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Progressive Shoaling of Plio-Pleistocene Margins Little Bahama Bank

By
Stuart Charles Williams
Stuart Charles Williams
University of Miami, Rosenstiel School of Marine and Atmospheric Science, Comparative Sedimentology Laboratory, Fisher Island Station, Miami Beach, Florida 33139
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Published:
January 01, 1983

Abstract

Study of four cores taken across Little Bahama Bank has revealed a facies evolution characterized by general shoaling of the bank margins. Following flooding of an early Pliocene(?) shallow bank margin, a 40 to 60 m (130 to 195 ft) deep fore-reef slope, was buried by a marginal reef and capped by bedded, non-skeletal grainstones. This shoaling sequence represents a change in bank character from a flooded, flat-topped bank with sloping margins, through an atoll-like stage of raised reef rims and deeper interior, to a shallow, flat-topped configuration similar to the present.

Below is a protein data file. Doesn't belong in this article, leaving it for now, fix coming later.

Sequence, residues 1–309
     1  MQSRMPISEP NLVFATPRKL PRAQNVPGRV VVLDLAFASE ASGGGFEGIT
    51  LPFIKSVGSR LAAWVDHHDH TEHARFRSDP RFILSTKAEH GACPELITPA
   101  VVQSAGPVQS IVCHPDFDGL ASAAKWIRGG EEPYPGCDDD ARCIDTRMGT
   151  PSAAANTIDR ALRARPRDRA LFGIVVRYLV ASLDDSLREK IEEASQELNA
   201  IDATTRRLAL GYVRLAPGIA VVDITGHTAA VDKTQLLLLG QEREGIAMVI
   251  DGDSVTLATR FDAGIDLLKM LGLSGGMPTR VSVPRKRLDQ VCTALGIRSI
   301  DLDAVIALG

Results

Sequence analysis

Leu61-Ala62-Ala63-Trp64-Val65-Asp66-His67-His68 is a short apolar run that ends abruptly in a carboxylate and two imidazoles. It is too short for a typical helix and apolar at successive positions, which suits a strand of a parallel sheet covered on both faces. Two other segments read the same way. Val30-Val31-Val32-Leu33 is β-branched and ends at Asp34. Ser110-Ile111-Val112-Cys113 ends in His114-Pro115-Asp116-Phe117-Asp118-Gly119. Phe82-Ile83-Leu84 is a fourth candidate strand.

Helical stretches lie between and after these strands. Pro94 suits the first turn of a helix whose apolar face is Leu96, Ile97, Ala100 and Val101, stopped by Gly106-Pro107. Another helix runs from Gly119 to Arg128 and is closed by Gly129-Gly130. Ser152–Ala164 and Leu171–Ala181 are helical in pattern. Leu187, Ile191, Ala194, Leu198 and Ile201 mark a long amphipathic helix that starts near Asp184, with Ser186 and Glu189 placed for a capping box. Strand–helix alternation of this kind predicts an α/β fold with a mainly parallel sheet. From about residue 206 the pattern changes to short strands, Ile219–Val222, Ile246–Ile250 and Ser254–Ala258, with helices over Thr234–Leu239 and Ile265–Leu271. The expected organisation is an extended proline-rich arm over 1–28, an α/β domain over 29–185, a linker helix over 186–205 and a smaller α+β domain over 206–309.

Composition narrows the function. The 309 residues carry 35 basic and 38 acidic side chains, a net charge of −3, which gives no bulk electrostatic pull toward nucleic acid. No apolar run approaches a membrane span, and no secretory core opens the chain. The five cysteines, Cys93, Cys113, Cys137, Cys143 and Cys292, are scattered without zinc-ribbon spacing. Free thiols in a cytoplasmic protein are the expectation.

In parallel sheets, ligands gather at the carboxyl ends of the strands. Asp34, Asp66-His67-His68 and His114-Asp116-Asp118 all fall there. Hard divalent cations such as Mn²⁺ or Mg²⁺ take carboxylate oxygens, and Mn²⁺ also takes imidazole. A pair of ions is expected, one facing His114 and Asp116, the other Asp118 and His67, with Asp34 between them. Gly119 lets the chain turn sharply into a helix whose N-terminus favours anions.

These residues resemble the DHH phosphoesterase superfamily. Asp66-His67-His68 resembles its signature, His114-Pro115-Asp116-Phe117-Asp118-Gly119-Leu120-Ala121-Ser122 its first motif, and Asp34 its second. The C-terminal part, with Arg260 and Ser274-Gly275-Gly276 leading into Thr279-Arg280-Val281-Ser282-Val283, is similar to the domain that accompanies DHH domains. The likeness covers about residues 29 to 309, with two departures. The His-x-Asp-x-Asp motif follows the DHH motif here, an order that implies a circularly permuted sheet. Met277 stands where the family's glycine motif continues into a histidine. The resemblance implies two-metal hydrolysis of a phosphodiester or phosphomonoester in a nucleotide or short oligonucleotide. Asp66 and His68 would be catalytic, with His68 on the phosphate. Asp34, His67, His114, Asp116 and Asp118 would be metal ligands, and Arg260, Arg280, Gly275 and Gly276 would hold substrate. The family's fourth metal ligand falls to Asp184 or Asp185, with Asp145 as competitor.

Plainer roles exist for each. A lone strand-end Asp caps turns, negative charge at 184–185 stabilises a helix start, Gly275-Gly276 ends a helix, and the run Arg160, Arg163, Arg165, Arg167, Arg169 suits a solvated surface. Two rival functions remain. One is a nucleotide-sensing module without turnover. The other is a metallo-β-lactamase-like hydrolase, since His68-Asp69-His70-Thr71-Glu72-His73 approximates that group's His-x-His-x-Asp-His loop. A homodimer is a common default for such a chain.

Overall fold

Three additional findings include: (I) identification of a major bankwide change from predominantly skeletal to non-skeletal deposition; (2) addition of a third, deeper style of deposition to the previously known “awash” and atoll-like stages of the Bahamas; and (3) discovery of a bankwide body of young, well-developed dolomite in the shallow subsurface of western Little Bahama Bank.

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Contents

SEPM Core Workshop Notes

Carbonate Buildups-A Core Workshop

Paul M. Harris
Paul M. Harris
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SEPM Society for Sedimentary Geology
Volume
4
ISBN electronic:
9781565762596
Publication date:
January 01, 1983

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